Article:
Department of Orthodontics, Faculty of Dental Medicine, University of Porto, Porto, Portugal
*Corresponding author: Sondus Ahmad Alkadri, Department of Orthodontics, Faculty of Dental Medicine, University of Porto, Porto, Portugal
Submission: February 24, 2018; Published: May 04, 2018
Introduction: Bone-anchored maxillary expanders have been invented to provide extreme pure skeletal expansion. There are studies that address the clinical effectiveness and outcomes of bone-borne maxillary expansion; mostly on adults or with surgical assistance.
Objective: To review publications studied the effectiveness of Bone-Borne Maxillary Expander (BBME) compared with tooth-borne maxillary expander (TBME) in mixed dentition subjects.
Search strategy Literature review dated from 2006 to June 2016 on PubMed and B-on databases was conducted. Relevant data were extracted, grouped and analyzed concerning: total amount of expansion, skeletal vs. dental expansion, side effects, and long-term stability of TBME and BBME. 16 articles were selected: 11 studies addressed TBME, one study was a comparison between TBME and BBME, and 4 studies addressed BBME.
Discussion: Amounts of skeletal expansion and dental expansion varied between TBME and BBME; it also varied within TBME itself in different studies. Inter-coronal widths of maxillary molars in TBME were significantly greater than their counterparts in BBME. Generally, TBME showed a reduction in alveolar bone thickness on the buccal aspect of the anchorage teeth. Buccal tipping in TBME studies was small or high up to 19 degrees, in BBME group it was clinically trivial.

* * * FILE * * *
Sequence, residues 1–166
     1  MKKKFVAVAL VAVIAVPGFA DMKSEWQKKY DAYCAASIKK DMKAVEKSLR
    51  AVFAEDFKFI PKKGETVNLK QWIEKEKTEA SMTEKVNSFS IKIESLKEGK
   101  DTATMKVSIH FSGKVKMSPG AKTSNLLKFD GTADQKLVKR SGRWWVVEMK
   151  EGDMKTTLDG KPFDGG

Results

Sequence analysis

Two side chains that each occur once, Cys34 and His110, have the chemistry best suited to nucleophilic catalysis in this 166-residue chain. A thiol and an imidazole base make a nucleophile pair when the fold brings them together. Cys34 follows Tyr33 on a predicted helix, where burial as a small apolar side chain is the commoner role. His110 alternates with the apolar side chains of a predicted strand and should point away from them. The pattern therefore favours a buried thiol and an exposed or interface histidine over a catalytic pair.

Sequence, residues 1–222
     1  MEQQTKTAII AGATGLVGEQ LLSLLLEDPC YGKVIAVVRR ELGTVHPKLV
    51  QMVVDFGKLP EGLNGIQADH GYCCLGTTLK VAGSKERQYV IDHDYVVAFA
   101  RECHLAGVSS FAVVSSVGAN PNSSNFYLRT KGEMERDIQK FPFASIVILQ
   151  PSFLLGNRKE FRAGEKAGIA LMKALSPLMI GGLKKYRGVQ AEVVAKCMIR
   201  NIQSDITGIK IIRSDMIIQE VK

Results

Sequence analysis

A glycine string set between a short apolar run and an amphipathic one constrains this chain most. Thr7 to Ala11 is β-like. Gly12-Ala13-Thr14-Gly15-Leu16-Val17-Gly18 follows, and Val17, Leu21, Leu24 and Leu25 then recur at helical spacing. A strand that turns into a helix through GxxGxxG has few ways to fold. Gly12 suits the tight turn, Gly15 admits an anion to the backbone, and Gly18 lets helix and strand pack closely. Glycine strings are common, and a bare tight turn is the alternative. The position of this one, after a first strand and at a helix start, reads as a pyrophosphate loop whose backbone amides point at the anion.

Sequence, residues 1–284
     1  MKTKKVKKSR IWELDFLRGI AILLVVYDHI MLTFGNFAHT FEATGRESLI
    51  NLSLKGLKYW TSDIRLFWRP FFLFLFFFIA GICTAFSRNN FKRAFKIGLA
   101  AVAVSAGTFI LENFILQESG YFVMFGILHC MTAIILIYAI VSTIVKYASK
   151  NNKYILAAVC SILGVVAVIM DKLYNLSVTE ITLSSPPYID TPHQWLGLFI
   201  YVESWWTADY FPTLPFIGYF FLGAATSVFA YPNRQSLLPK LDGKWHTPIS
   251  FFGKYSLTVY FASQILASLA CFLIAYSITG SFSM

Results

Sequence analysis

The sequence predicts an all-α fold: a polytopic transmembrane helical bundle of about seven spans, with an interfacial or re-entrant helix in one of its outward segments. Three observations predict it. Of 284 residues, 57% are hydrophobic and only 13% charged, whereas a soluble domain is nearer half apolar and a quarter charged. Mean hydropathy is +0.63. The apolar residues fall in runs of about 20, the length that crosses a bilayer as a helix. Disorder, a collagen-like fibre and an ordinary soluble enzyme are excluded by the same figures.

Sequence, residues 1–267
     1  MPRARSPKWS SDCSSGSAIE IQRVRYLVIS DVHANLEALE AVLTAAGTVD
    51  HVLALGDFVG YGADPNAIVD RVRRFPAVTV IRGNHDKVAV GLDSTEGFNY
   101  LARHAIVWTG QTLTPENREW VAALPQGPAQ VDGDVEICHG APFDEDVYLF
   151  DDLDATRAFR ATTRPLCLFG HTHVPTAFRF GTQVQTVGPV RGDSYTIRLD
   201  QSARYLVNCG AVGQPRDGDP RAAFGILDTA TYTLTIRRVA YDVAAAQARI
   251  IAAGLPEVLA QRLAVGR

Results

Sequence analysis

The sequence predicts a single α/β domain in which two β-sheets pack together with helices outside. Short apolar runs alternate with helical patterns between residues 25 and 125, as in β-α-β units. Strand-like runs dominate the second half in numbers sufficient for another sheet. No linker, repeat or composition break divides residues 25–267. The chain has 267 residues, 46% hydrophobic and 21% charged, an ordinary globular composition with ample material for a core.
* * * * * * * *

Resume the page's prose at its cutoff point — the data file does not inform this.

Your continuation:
Conclusion: Current available reviewed studies led to inconsistent conclusions regarding the superiority of BBME over TBME in mixed dentition patients. They were mostly done on subjects above 12 years old. Although theoretically and logically this claim may seem valid, no evidence-based conclusion could be made. Future investigations on mixed dentition patients are highly recommended.
Keywords: Endodontics; Sinus tract; Epidemiology; Incidence; Chronic infection
Abbreviations INAW: Inter-Incisor Apex Width; INCW: Inter-Incisor Crown Width; IMCW: Inter-Molar Crown Width; IMAW: Inter-Molar Apex Width; BT: Buccal Tipping; RMA: Right Molar Angulation; LMA: Left Molar Angulation; BBPT: Buccal Bone Plate Thickness; BBPT: Palatal Bone Plate Thickness; EBLIA: External Buccopalatal Inclination Angle; IM: Inter-Molar; IP: Inter-Premolar; IC: Inter-Canine; #3s: Permanent Canines; #4s: First Premolars; #5s: Second Premolars; #6s: First Molars, #16: Right First Permanent Molar; #26: Left First Permanent Molar; #14: Right First Premolar; #24: Left First Premolar; #Cs: Deciduous Canines; #Ds: First Deciduous Molars; #Es: Second Deciduous Molars; NI: Indicated Mentioned; Post. R: Posterior Region; Ant. R: Anterior Region; Mid: Middle Region; Post-6ms: Post 6 Months; Hye: Hyrax Expander; Hae: Haas Expander; G: Group; Ys: Years; Ms: Months; Pts: Patients; M: Male; F: Female; TBME: Tooth-Borne Maxillary Expander; BBME: Bone-Borne Maxillary Expansion; Mm: Millimeter